Retired teacher Phil Corser’s background in Media, History and English makes him perfectly suited to ABC Friends Victoria, writes LOUISE SWINN.
After his retirement in 2018, former Sunshine College teacher Phil Corser joined the Victorian branch of ABC Friends. As an English, History and Media teacher, Phil made use of the ABC throughout his working life, and his affection for the public broadcaster thrives with the extra time retirement brings. When Phil heard rumblings that the ABC board had, allegedly, made staff changes after government interference, he decided it was time to get involved.
“There is a constant barrage of criticism towards the ABC, and too much right-wing opinion instead of the objective journalism we need. The ABC has been under attack for having a left-wing bias for years, but the whole of democracy is under threat without the public broadcaster’s voice.”
ABC Friends, which is not affiliated with the ABC itself, began in the 1970s and has more than 10,000 members nationally. They are a grassroots, not-for-profit, volunteer organisation, and they run public awareness campaigns to highlight ABC budget cuts and lobby politicians from all sides of the political spectrum to give the ABC their support.
“A free and independent ABC is a legacy we can leave for future generations.”
The group is keen to keep the ABC free of commercial sponsorship, and call for transparency in the process of appointing the ABC chair and board members, along with other major decisions made by ABC management. Crucially, they believe that the ABC should have freedom from political influence.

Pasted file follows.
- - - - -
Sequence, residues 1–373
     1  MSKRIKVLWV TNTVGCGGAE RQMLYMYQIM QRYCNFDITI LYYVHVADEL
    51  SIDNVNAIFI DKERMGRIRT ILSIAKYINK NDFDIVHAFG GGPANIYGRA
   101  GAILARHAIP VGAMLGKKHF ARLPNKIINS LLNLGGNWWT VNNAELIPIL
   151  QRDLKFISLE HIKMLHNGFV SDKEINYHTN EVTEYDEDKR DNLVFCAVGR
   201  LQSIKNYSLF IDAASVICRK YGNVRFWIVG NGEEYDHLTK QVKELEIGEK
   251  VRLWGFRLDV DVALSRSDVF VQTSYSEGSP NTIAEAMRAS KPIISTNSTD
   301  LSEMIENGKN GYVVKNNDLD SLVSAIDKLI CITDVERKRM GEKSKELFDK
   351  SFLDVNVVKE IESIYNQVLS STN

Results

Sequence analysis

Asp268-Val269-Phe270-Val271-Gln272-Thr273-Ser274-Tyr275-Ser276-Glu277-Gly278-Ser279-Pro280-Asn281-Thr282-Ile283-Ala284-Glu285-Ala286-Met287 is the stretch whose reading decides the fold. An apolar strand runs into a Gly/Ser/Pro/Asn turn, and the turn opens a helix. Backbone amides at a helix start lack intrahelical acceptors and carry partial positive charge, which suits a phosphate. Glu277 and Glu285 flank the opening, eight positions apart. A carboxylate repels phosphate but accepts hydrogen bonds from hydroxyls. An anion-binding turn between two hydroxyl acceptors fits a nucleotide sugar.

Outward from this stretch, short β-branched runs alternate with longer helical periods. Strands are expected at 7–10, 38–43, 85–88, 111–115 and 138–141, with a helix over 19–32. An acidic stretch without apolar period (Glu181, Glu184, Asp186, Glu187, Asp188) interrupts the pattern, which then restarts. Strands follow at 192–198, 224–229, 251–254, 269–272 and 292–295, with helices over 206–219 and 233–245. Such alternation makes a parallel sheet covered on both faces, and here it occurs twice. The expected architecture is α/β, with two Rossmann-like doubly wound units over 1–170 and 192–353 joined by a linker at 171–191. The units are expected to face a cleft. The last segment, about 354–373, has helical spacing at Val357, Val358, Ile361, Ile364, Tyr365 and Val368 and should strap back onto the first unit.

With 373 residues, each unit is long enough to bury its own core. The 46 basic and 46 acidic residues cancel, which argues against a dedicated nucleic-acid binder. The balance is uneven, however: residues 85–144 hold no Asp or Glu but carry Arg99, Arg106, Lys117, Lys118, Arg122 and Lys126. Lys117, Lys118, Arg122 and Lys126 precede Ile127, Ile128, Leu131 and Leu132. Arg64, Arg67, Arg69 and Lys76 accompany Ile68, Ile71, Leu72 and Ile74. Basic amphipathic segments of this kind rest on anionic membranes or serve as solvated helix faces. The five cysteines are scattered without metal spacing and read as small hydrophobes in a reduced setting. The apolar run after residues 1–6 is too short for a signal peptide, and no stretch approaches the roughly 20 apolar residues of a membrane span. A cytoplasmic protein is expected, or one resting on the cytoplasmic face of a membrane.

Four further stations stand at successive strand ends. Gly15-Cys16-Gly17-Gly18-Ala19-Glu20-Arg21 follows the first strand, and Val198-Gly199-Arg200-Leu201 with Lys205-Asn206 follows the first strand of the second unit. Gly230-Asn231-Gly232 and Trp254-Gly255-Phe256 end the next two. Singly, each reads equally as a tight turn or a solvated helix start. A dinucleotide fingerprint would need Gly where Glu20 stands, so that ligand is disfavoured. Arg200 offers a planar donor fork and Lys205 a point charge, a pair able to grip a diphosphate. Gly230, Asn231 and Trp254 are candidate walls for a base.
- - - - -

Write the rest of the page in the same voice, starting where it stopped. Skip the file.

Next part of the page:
Phil cites the axing of Lateline and the 7.45am radio news bulletin, and the closure of overseas bureaux among recent victims of cutbacks. He points out that few governments have been happy with the ABC – but perhaps this is unsurprising, given government scrutiny is part of the broadcaster’s remit.
Behind the News – known fondly in classrooms as ‘BTN’ – has long been the first resource for children learning to navigate the news. Last year, the ABC became an unprecedentedly important slice of the remote-learning pie as they delivered educational material to support the roll-out of online schooling.
“A large part of the 16- to 39-year-old cohort don’t realise that the government funds the ABC,” Phil says. His hope is to raise awareness amongst younger teachers that privatisation, often mooted by politicians, will not end well. “Teachers believe in truth and honesty, they’re aware that these days there’s a lot of fake news – and given the internet is where a lot of young people get their news, there’s no regulation of that material.
“I think many teachers appreciate the fact-based, impartial approach of the ABC and want their students to understand what ethical journalism is all about. A free and independent ABC is a legacy we can leave for future generations.”
Phil believes it’s never been more apparent that the ABC is our primary source of emergency broadcasting, after the catastrophic 2019–20 bushfire season and during fretful COVID lockdowns. Surveys continue to show that the ABC remains the most trusted news source in Australia; and the place parents and kids go for quality children’s programming.
ABC Friends seeks to help our politicians appreciate the value the Australian public places on the ABC. Phil makes the comparison to Medicare. “The ABC is a free service that all taxpayers should have access to.”
The group is currently fundraising to help build awareness of their campaigns. Their website explains how to get involved, and how to support improved funding for the ABC.
“We are a highly motivated band of supporters,” says Phil, “but we have limited resources. I hope many teachers consider the ABC to be a worthy cause.”
For more information and to get involved, visit me.abcfriendsvic.org.au